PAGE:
Two Frequently Overlooked Innovation Success Factors

In the quest to spur growth from new sources, corporations will inevitably dedicate resources to innovation initiatives. Whether innovation takes the form of tiger teams, innovation labs, cross-functional project teams, or consultant-led off-sites, efforts frequently fail to gain traction, particularly when attempting to integrate the innovative concepts back into the core business. Leadership, culture, strategy, or process shortcomings are often blamed, and rightfully so, for the failure of such efforts. However, success isn't guaranteed even with empowering leaders, inspiring culture, visionary strategy, or cutting-edge innovation processes.

Successful innovation involves improving your odds of success at every turn, but corporations often leave some of the most stubborn inhibitors unchecked. Addressing the following Two Frequently Overlooked Innovation Success Factors can make the difference between an innovative concept taking off or falling flat in your organization:

Technological Readiness

Even in the most traditional industries, such as insurance, technological readiness is vitally important for successful innovation. Every corporate innovator, at some point, has been frustrated by the organization's inability to rapidly build and test new concepts. But, it's unreasonable to expect rapid product development efforts to take root in a business which has fully operationalized a controlled, stage-gate product development process. Too frequently, the resources that maintain and update legacy systems are the same resources called upon to push innovations through these systems and into production. This produces conflicting priorities which lead to long delays in implementation. To have a successful, sustainable innovation program, your company must spend at least as much time readying itself for innovation as it does innovating. For instance, adoption of agile principles and pace-layered architecture; development of virtual environments, two-way APIs, and sandboxes; and procurement of unstructured data mining capabilities can allow innovation to occur in tightly controlled systems that are designed for speed and errors.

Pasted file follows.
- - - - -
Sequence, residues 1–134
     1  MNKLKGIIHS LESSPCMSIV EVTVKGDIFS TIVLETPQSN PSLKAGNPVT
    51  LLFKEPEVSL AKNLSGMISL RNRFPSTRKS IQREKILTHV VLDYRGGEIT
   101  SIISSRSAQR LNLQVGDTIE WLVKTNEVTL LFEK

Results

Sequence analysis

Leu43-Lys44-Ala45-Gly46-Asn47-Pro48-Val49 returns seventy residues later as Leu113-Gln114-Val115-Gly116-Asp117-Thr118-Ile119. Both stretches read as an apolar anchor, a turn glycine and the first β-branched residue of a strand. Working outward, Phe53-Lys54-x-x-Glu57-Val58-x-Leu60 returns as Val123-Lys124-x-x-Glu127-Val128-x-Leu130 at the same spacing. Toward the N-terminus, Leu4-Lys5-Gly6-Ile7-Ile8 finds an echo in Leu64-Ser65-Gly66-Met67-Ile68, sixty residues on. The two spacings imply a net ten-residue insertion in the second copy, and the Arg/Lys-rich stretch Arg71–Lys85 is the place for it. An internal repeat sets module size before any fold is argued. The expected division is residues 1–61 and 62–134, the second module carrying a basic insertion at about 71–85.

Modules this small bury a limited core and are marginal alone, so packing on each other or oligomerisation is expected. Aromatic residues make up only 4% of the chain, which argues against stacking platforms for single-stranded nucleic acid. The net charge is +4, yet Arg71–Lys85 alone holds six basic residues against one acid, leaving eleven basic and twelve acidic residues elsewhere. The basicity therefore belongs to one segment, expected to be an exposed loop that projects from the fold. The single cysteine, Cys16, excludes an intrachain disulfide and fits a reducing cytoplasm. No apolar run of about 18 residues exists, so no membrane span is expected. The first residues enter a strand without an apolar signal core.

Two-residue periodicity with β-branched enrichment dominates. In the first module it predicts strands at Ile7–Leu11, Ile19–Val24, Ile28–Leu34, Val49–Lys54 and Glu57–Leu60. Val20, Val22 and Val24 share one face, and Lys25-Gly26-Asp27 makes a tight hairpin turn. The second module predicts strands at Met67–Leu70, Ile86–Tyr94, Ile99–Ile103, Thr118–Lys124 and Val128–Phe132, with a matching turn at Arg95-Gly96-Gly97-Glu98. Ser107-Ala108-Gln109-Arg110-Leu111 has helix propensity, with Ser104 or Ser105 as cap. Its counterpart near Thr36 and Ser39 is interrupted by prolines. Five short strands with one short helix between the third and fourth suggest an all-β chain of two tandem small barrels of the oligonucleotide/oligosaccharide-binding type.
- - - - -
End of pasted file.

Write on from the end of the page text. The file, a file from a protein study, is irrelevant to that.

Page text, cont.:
Buy (or rent), Don't Build Mentality

Particularly in industries with complex underlying systems, such as policy administration systems, there is a strong tendency to build new technology in-house so that it does not add unnecessary complexity to already unwieldy systems. In an age where what you're building probably already exists, the desire to control all data by developing all applications in-house will likely impact your speed-to-market, however. Businesses today must strive to understand to what extent their operational risk controls are impacting their ability to execute on their strategy, but many aren't having this conversation. External innovators are continuously developing new algorithms, programs and applications that can allow corporate innovators to skip multiple steps without compromising quality or security. When paired with a well-designed technology readiness plan, a buy, don't build mentality can safely accelerate innovation efforts.


While these two factors may seem to point to an organizational design of innovation being "owned" by IT, that is not the intent. Instead, innovation should be a common thread woven into all of the strategic plans of an organization. The company's technology strategy must incorporate a technological readiness plan that is informed not solely by its core business growth strategy, but also by its desire to rapidly identify and integrate new sources of growth.


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